Voting is for old people
I set out at 1 p.m. to vote in my last-ever Cook County primary election. Unfortunately, a spam phone call (you know, the ones that kick in with an automated message telling you the best way to refinance) distracted me on the way outside and I forgot my digital camera. But there wasn’t much to see. A gaggle of maybe 20 signs marked the path outside the polling place, compared to the 50-plus that lined the sidewalk for the 2002 general election.
My punch-card ballot was strangely undemocratic. I had one choice for President – Bush – and one choice for every office except U.S. Senate. Luckily, Illinois is the subject of a heated primary campaign to select the replacement for Senator Peter Fitzgerald (R). I voted for the frontrunner, former investment banker Jack Ryan.
Last time, I voted for sure-loser gov candidate Patrick O’Malley. So why choose the sure winner this time? Well, Ryan seems to be the only candidate who knows how to run a 21st century campaign. He’s tacked on to the old Jack Kemp tactic of explaining how his plans will help the lowest of the low – I guess you could construe this as a “compassionate conservative” message, but Ryan is a much more earnest candidate than George W. Bush. His TV media is the best I’ve seen from any campaign this year, apart from John Kerry’s excellent bio ad. Ryan’s 30-second biography ad shows him parking a fancy car, stomping into an office, and opening his door just to get a piece of paper thrown at his head. He quit his cash-soaked job in banking to teach in Chicago – the ad hammers this home in a funny, unconventional way. All of this convinced me that Ryan can run the kind of campaign that will distance him from the Illinois Republican mistakes of the last four years.
I knew a ton of people working for Andy McKenna, but my punch-out pin did not hover over his name for a second. McKenna is one of the dullest candidates I’ve ever personally encountered – slightly built, soft-spoken, very few actual policy ideas. He convinced me that he’d be blown away by any Democratic who could tie his shoes.
The other candidates were either too bland (State Sen. Steve Rauschenberger, former State Rep. Jonathan Wright) or too obviously crackpot (John Borling, Norm Hill) to ever warrant a vote. Multimillionaire Chirinjeev Kathuria was a study in incompetence – the Sikh businessman had interesting policy ideas and a compelling life story, but spent no money on media and talked to voters as if they were participants in one of those money-making seminars. Jim Oberweis was a candidate that only National Review’s resident moron John Derbyshire could love – his sole policy positions were cheap pharmaceuticals and kicking out immigrants.
There are good reasons for my serious consideration of the GOP field. The Democrats fielded seven candidates this year, and it is expected that one of them will win the seat. At first, everyone expected the nominee to be Blair Hull, a multimillionaire (get used to that word in Illinois politics) with the personality of balsa wood. He spent $29 million to blanket the state with ads touting his “independence from special interests” and his mystery-shrouded health care plans, and it paid off – the Atlantic Monthly even gave him a profile, touting Hull as the man who’d perfected the art of buying Senate seats.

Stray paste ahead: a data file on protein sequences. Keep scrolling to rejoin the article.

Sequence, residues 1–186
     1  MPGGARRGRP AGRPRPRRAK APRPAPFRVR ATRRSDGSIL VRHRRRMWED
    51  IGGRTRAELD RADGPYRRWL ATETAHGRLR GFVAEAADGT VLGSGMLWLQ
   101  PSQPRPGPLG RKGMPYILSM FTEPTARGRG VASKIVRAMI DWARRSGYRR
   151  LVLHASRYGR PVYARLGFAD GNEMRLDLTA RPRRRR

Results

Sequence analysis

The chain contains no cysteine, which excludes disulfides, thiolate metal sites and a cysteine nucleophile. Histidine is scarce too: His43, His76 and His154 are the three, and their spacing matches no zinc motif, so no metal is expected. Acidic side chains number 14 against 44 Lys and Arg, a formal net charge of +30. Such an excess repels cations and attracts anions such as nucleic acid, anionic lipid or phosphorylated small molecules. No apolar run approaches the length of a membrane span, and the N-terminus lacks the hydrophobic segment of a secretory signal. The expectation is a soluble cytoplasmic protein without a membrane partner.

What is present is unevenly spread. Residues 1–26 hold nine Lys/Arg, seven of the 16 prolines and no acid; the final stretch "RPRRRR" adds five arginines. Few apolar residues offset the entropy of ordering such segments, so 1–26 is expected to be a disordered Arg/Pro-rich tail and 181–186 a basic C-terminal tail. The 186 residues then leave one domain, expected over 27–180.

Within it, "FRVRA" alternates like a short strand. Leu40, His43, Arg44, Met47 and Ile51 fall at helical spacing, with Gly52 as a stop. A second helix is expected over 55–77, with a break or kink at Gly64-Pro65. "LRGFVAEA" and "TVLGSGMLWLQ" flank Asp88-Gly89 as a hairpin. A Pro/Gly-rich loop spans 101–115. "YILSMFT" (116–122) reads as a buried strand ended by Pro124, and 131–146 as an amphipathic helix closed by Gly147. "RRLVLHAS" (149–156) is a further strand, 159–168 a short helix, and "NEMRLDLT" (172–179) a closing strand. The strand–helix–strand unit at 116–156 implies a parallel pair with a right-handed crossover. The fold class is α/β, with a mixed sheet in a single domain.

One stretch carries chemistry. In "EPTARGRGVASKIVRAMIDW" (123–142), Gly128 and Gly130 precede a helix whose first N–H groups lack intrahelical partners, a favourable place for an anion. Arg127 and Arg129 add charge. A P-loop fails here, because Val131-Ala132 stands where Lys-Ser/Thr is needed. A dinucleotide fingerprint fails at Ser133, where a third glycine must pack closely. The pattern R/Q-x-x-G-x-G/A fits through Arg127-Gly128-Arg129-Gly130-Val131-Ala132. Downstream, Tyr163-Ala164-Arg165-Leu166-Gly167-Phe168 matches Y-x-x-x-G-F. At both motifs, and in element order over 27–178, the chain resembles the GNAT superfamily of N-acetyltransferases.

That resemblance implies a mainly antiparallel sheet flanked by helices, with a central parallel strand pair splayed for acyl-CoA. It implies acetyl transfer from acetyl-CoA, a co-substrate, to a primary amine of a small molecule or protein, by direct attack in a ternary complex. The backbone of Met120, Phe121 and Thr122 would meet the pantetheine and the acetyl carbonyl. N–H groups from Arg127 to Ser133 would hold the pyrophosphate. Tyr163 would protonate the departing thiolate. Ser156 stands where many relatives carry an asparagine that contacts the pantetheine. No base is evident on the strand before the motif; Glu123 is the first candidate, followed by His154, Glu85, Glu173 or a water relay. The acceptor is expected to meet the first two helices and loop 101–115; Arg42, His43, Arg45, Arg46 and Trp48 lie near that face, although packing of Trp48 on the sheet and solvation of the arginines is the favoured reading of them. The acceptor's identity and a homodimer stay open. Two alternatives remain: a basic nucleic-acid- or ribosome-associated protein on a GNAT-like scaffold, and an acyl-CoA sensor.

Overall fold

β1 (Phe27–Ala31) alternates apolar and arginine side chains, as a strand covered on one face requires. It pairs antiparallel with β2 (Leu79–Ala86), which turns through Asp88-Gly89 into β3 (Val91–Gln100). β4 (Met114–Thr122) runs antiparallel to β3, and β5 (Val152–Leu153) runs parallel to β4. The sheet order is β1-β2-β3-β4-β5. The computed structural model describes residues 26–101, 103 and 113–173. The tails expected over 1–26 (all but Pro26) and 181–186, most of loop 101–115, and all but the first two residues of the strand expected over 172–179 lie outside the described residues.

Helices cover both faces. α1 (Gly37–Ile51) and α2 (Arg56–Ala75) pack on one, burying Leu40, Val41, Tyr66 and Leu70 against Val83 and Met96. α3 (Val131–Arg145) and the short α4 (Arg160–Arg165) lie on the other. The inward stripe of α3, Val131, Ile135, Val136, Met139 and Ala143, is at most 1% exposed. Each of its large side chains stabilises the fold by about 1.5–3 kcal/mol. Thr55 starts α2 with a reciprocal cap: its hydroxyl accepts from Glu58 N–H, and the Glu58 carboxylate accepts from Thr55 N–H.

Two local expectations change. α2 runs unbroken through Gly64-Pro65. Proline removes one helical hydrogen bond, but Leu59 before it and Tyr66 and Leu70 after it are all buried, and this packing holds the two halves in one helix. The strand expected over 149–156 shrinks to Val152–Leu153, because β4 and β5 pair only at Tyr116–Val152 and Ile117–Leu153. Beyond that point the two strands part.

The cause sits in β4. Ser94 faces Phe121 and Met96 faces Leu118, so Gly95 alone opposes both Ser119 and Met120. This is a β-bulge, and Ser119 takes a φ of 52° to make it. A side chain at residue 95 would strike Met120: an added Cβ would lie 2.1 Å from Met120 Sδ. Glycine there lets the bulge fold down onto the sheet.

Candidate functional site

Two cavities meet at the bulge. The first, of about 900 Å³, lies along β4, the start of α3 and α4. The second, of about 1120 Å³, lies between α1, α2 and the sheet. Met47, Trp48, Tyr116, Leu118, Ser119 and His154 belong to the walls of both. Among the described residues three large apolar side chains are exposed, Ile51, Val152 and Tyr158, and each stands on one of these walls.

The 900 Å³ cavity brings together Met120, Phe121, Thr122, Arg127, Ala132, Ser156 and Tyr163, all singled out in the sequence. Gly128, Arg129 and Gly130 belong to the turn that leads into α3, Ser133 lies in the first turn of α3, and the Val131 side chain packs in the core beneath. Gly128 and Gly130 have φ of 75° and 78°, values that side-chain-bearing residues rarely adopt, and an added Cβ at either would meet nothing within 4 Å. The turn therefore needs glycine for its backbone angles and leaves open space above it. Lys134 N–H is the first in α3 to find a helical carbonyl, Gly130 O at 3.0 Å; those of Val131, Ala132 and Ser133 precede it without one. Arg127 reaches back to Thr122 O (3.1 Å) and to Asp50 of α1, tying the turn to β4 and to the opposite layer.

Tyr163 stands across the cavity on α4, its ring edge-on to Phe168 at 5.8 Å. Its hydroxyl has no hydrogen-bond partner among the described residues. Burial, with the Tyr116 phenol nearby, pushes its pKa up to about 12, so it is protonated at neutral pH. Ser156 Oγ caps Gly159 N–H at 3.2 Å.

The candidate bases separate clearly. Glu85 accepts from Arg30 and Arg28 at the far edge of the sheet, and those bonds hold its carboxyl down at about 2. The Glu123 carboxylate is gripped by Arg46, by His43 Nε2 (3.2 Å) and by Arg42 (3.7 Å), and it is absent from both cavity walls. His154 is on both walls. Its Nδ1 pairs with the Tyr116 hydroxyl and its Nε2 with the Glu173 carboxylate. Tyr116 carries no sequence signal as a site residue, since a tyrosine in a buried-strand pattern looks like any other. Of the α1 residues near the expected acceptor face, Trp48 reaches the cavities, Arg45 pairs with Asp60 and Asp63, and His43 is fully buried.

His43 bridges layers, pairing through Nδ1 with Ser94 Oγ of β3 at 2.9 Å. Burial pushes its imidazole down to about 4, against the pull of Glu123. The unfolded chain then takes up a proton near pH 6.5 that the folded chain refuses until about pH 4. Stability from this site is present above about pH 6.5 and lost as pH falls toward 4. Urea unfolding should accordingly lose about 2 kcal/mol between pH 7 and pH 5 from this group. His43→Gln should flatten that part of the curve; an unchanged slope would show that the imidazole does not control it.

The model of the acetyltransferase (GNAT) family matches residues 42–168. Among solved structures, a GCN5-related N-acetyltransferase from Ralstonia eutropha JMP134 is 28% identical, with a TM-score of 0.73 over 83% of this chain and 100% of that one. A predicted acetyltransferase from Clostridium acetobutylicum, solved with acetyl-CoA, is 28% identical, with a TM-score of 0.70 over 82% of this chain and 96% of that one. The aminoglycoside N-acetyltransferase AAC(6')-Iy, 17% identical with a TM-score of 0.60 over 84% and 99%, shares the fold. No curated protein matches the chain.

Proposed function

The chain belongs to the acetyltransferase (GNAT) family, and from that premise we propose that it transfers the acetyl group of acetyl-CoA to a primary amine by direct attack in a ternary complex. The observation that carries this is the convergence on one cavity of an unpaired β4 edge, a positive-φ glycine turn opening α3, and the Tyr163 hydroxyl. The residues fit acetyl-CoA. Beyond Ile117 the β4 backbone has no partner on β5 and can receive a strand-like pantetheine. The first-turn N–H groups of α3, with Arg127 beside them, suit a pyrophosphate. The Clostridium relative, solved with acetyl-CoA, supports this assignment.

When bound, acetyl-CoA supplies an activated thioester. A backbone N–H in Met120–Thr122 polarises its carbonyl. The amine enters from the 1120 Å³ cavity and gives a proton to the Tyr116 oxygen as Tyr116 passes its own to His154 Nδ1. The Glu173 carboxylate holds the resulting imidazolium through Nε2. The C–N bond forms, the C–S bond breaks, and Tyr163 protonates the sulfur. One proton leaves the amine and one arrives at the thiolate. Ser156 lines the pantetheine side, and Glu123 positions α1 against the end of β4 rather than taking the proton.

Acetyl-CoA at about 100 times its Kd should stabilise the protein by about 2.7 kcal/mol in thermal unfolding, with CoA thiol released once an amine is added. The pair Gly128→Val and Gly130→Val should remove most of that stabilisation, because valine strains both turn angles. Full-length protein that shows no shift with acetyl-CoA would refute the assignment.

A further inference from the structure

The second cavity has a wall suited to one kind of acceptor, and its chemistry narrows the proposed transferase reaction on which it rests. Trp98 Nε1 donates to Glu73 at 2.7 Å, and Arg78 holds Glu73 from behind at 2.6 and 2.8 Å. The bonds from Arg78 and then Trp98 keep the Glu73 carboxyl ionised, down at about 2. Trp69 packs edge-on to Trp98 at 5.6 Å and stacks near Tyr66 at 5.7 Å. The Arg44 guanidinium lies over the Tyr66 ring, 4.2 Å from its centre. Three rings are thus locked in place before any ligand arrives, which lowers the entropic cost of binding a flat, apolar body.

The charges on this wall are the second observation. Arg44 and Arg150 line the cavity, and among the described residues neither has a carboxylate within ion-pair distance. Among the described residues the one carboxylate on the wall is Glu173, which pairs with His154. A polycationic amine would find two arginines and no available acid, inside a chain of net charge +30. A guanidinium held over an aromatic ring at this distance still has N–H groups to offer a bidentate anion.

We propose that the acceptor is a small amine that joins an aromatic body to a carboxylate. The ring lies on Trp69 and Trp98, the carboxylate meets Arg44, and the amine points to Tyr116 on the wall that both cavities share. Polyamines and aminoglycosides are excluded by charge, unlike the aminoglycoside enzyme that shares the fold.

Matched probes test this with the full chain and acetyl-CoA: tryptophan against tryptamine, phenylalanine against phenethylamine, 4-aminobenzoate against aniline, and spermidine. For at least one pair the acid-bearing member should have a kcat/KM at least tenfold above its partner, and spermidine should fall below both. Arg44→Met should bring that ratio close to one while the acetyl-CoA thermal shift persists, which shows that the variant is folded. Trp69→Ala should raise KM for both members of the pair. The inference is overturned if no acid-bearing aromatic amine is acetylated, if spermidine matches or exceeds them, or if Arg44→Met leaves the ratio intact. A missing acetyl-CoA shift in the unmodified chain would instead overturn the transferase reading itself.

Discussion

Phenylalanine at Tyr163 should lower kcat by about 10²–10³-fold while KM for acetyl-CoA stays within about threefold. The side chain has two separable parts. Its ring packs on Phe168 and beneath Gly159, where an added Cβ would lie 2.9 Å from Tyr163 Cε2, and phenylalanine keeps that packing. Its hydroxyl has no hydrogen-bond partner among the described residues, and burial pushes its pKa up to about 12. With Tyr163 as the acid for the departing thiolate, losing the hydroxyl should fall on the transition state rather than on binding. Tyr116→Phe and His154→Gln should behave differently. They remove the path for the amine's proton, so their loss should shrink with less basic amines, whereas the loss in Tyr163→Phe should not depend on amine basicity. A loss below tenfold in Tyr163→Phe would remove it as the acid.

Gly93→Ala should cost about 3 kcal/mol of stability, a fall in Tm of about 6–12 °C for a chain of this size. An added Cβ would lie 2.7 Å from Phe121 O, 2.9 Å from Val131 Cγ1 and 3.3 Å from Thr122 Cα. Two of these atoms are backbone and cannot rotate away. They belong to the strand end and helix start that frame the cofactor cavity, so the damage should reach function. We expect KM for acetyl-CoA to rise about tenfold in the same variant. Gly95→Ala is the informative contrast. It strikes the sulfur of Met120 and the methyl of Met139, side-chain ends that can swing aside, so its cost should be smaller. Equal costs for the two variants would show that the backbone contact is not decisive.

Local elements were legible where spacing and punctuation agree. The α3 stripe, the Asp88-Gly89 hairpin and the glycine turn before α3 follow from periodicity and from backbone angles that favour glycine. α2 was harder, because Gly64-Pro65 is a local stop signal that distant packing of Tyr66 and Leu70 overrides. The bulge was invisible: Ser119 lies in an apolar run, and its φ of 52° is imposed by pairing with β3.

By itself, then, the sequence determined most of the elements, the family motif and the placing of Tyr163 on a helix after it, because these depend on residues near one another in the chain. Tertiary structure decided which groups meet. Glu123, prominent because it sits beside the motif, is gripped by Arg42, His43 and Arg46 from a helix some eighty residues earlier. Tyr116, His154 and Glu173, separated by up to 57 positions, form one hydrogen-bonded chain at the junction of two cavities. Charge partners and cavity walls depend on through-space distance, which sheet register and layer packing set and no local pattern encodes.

Then he beat his wife. Adios, Blair Hull.
In a normal year, Democrats would have gravitated to Chicago machine muppet Dan Hynes. The 34 year old (!) state Comptroller is moderately handsome, espouses the usual party boilerplate, is backed up by the political casa nostra in the Second City, and has been elected statewide. But he ran into competition for the mainstream Chicago vote. Likeable Cook County treasurer Maria Pappas entered the race late and ran to win Chicago whites and women statewide. Former president of the Chicago Board of Education Gery Chico tried to turn himself into a Latino version of Paul Vallas, the popular schools czar who nearly beat Rod Blagojevich in the 2003 gubernatorial primary. Both are more interesting than Hynes. All will probably go down to defeat.
Get ready for the Democratic nominee, because after tonight Barack Obama will be a national political superstar. He’s the smartest, most mainstream black politican to run for statewide office since Doug Wilder became the governor of Virginia. More importantly, he’s from the first generation of black Americans to grow up in the post-Civil Rights era. Obama was born to Kenyan and white parents in 1961, was raised middle class, and went to Columbia. As his campaign never tires of saying, he became the first African-American president of the Harvard Law Review. And, most impressively, Obama returned to Chicago to teach at the University of Chicago Law School and work as a liberal state senator.
Put simply, I think Barack Obama could run for president in 2012 or 2016. He wouldn’t be a Jesse Jackson guts-and-brimstone candidate. He’d be a tested, plain-spoken, mainstream politician elected by a mostly white electorate in the sixth most-populous state. So I voted for the candidate that could beat him. But I didn’t vote optimistically.